6+ Content Marketing Metrics to Measure Success

marketing is a tactic used across industries to create awareness and educate audiences, but many organizations are still figuring out how to truly measure success.

According to the Content Institute’s 2020 research, a promising 80% of respondents do use metrics to measure performance, but that number drops to 65% when asked if they have KPIs to measure performance, and even further to 43% when asked if they measure content marketing ROI.

As any marketer will tell you, the time and resources required to drive success with content marketing are significant. Production is only one piece of the puzzle you need to consider costs related to creating the strategy, distributing and promoting the final product, and associated software as well.

Marketing teams will need to justify the resources to create high-quality content that actually moves the needle, and thus having those metrics and being able to measure against set KPIs is crucial. In this post, I’ll discuss several metrics to help your team showcase the value of content marketing and why goal setting is a critical step in this process.

1. Web Traffic by Source/Medium

For many content marketers, site traffic is a key metric come reporting time. That being said, there are a few different ways to look at traffic metrics. If you’re new to measuring content performance, use the Channel report to see where your blog traffic is coming from.

Are users reaching your content organically? Or are they being referred to your content from other sites (i.e., social)? Maybe most users navigate to your blog from a monthly email newsletter – whatever it is, understand how people actually get to your content.

You can also look more granularly at traffic metrics using the Source/Medium report in Analytics. Maybe your team has put emphasis on optimizing content for search – take a look at organic traffic compared month-over-month or year-over-year to measure success.

If the focus has instead been on social distribution of content, look at how referral traffic has improved over time and/or which channels bring the most users to your site.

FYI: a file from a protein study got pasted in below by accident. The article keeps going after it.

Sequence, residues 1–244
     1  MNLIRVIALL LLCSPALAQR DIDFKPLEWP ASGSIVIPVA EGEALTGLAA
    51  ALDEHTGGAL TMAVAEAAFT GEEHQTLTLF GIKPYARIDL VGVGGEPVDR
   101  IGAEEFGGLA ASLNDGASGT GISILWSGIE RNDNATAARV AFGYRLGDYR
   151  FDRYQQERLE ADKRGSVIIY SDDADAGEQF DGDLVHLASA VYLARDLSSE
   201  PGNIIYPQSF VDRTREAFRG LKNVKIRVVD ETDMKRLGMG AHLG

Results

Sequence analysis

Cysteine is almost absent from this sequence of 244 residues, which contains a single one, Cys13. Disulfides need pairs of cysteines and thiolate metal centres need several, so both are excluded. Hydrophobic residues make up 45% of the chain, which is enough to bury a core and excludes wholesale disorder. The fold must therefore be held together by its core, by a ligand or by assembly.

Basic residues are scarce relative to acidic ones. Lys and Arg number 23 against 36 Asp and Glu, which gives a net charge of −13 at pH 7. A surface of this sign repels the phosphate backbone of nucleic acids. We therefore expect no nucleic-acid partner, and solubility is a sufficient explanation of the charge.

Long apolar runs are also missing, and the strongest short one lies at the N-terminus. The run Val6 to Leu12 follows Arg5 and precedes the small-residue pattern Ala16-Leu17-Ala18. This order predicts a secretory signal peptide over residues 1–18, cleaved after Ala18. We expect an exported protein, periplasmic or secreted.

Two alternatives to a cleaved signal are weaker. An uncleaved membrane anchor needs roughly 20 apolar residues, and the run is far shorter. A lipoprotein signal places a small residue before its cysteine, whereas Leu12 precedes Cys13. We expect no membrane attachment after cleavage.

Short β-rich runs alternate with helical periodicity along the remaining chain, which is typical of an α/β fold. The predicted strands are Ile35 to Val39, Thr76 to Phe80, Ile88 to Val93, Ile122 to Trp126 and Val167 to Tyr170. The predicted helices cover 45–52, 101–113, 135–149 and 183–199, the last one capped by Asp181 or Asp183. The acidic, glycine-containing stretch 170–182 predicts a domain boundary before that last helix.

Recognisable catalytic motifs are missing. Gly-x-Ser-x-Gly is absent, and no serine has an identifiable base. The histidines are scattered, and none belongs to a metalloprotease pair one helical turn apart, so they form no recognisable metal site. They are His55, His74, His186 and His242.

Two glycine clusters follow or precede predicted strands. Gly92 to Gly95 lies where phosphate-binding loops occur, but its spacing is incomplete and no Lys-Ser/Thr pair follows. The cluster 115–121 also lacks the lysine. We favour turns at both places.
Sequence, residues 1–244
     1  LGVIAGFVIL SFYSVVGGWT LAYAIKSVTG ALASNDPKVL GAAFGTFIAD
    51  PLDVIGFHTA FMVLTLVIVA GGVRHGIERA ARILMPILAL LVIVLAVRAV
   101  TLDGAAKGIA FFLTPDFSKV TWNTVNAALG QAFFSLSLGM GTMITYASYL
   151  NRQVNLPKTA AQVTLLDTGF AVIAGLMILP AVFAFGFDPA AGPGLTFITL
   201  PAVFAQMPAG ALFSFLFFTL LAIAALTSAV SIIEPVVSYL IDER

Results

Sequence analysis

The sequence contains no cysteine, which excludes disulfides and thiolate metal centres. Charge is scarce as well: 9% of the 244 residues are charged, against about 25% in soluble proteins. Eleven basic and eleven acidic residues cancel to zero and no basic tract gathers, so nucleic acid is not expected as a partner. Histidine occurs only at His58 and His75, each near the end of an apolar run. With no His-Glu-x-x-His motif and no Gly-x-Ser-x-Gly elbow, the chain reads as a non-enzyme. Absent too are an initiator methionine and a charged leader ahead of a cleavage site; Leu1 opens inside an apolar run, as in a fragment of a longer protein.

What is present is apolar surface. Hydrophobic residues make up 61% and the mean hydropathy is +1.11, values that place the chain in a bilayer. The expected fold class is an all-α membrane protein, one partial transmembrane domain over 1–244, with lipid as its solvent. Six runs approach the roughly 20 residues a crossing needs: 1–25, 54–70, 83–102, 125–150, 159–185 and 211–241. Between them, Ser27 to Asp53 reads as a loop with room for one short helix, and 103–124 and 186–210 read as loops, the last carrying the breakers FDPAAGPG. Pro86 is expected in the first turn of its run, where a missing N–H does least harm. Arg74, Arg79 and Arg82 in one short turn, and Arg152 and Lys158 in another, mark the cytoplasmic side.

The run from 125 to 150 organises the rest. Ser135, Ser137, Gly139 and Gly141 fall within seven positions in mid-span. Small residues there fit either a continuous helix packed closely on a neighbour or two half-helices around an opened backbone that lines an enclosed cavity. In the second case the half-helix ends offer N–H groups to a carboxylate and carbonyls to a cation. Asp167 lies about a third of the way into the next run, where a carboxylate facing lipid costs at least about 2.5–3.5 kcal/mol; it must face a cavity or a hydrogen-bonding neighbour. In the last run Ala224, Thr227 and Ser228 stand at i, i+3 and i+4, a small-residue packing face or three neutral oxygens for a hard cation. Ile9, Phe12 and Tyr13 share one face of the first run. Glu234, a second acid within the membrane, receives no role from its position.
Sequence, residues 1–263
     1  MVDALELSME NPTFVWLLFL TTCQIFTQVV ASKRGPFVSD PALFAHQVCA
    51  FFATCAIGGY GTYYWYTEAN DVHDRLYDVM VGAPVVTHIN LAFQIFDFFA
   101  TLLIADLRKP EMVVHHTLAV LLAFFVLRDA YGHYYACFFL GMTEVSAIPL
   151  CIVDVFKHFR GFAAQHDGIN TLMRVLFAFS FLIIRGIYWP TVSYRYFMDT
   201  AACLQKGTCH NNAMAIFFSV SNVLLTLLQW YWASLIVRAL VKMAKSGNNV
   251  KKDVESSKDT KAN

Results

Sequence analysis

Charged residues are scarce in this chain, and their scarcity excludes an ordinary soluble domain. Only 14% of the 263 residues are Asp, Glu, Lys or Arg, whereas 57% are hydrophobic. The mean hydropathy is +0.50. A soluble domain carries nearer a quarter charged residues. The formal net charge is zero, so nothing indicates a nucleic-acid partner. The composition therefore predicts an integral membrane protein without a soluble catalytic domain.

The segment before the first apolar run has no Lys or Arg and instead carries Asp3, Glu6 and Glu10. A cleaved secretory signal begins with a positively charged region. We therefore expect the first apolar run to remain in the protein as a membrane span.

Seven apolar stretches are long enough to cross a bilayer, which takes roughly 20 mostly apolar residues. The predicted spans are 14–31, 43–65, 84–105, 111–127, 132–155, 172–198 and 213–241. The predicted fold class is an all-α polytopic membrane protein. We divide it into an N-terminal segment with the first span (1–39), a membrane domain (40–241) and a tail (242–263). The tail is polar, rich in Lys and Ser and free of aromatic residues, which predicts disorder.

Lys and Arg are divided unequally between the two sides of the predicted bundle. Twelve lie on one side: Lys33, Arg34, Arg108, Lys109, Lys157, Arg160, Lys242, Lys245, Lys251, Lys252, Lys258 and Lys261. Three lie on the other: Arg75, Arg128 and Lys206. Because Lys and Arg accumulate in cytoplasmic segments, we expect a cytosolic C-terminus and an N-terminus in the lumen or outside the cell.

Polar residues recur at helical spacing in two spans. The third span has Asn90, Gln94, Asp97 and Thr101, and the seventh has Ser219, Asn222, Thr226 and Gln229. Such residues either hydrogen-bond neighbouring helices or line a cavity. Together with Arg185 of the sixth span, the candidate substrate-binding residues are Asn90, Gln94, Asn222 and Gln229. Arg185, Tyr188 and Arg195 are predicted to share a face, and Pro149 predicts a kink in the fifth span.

• Tools to Use: Google Analytics // Other Analytics Platforms
  • How to Find It: Acquisition > All Traffic > Source/Medium and/or Channels

2. User Behavior

On their own, user behavior metrics don’t tell you much. When coupled with other metrics (such as traffic performance), however, they can provide marketers with directional insight about reader engagement and content performance.

I like to keep an eye on the following metrics in Google Analytics:

  • Time on Page
  • Bounce Rate
  • Pages/Session
  • New/Returning Visitors

Though these are unlikely to be your end-all, be-all metrics, they can (and should) be used as supporting characters to help tell your content performance story. As an example, you can determine if a blog post matches searchers’ intent based on the fact that it brings users in organically and they’re spending a significant amount of time on page to read it.

  • Tools to Use: Google Analytics // Other Analytics Platforms
  • How to Find It: Behavior > Overview and/or Behavior > Site Content > Landing Pages

3. Impressions & CTR

Alongside traffic and user behavior, you should be tracking impressions and click-through-rate in Google Search Console. This will give you insight into whether the keywords your content is ranking for actually translate to impressions and clicks in organic search.

It’s not going to be a full picture of performance, but it can tell you whether your content is doing well (high impressions and CTR), or whether it needs to be adjusted (low impressions, low CTR, or a combination of the two). In Google Search Console, filter by a specific landing page and then review the queries associated with that page to really drill in and review an asset’s performance.

  • Tools to Use: Google Search Console